“Lilibeth is the type to make a pile of money off an ex-husband, not Claire,” I said.
“Exactly. Speaking of which, I get the feeling that’s one reason why she’s less worried about Digger coming through with his promises than she might be.”
“This was the husband where she got the marriage annulled because she framed him for cheating on her?”
“No, that was her first husband. The second husband decided to cut bait when he found out how much she was costing him, but he still owes her something. I really did not pry for the details. My focus was on getting her to understand how deep the shit is around Dad.”
Part of me was worried she told her too much, and that was going to help Digger’s case, but then I remembered the whole point of our lawyers talking to each other was that they were supposed to have the same information. One legal team pulling a “gotcha” out of a hat during the trial only happened on TV. Both sides having all the same facts was supposed to help parties settle without it having to get to a judge, right?
That is, if both parties actually used logic. It was hard to tell when Digger’s lawsuits were strategic, when he was an asshole, and when he was just angry and stupid.
“You don’t think he’s going to try to show up here, do you?”
Courtney gave me a look. “Of course he’s going to try to show up. That’s exactly the kind of asshole he is.” She folded her arms. “I’m sure part of what Lili’s doing is scouting for him. Mom’s said under no circumstances does she want to lay eyes on him, though.”
I wondered if it was going to come down to us physically barring the door or having to call the police. Yeah, he was that kind of asshole.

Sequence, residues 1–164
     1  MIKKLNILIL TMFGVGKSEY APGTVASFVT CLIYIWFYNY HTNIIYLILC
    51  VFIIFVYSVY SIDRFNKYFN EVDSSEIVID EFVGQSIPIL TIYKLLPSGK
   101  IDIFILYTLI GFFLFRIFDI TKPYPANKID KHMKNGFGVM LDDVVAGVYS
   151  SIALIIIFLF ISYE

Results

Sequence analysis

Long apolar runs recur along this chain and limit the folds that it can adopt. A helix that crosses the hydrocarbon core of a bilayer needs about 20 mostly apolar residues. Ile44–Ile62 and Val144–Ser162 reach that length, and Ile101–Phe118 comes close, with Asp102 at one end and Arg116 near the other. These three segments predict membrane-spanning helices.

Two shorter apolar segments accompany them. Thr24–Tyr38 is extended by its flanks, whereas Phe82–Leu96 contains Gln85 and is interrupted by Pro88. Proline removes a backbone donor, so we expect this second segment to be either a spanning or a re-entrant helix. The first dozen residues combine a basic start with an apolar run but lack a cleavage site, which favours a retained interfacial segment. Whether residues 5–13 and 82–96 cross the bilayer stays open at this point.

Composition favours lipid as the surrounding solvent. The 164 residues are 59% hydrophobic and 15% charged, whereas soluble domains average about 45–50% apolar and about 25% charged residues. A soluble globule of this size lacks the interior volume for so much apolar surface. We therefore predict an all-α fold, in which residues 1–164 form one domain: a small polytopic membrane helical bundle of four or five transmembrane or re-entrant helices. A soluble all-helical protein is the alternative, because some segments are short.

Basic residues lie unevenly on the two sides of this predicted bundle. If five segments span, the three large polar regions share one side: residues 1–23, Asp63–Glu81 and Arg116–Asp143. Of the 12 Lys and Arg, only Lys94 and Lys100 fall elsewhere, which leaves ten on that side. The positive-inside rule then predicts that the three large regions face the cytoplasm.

“All right. I’ll go back to the hotel, tell Remo and Ziggy, and then I guess we’ll come back.”
“You just did the overnight,” she said. “Drop Remo back here after lunch–I’ve got his car. Then you and Zig take a break. Come back at or after dinnertime.”
Right. Stick to the rotation. “Okay, but call me if–”
“Of course. I’ll call or page if anything happens.” She kissed me on the cheek. “How was she last night?”
“Chatty.” I wasn’t ready to tell her yet about how I’d sung songs to Claire that night. It felt too personal, too intimate, to tell anyone else about just yet. Which seemed ridiculous. Singing was something I’d done in front of tens of thousands of people, and Courtney was my closest relative. But there it was.
“So you probably need a good long nap.” She kissed me again, this time on the other cheek, and it felt more like a dismissal. Yes, get out of here now, Daron. It’s your sister’s turn to have some alone time with the mother she loves.
“Okay. Wait, where’s Lilibeth now?”
“She checked into a budget motel. Janine’s going to pick her up after she gets off work.”
“Oh, did they make up?”
She pushed me. “Go. We’ll talk later.”
Right. I made myself turn around and walk toward the parking lot. I got in the car. I dropped by a grocery store to get Pop Tarts because I remembered Ziggy wanted some. Then I drove back to the extended-stay place.
But when I got there I sat in the car, baking in the summer sun, suddenly weighed down by the thought that Claire’s demise was probably really and truly coming within countable days. It was like the news was literally too heavy for me to stand up under the weight.
I didn’t feel sad, exactly. I didn’t feel like crying. I just… couldn’t move. And I sat there feeling what I was feeling, which was just that death is a huge thing. Death goes up there with love, and I guess with birth, in the top three most humongous things from a human perspective. When one day someone’s there, and then the next day they’re not, it’s gigantic.
It’s one of the most gigantic things there is.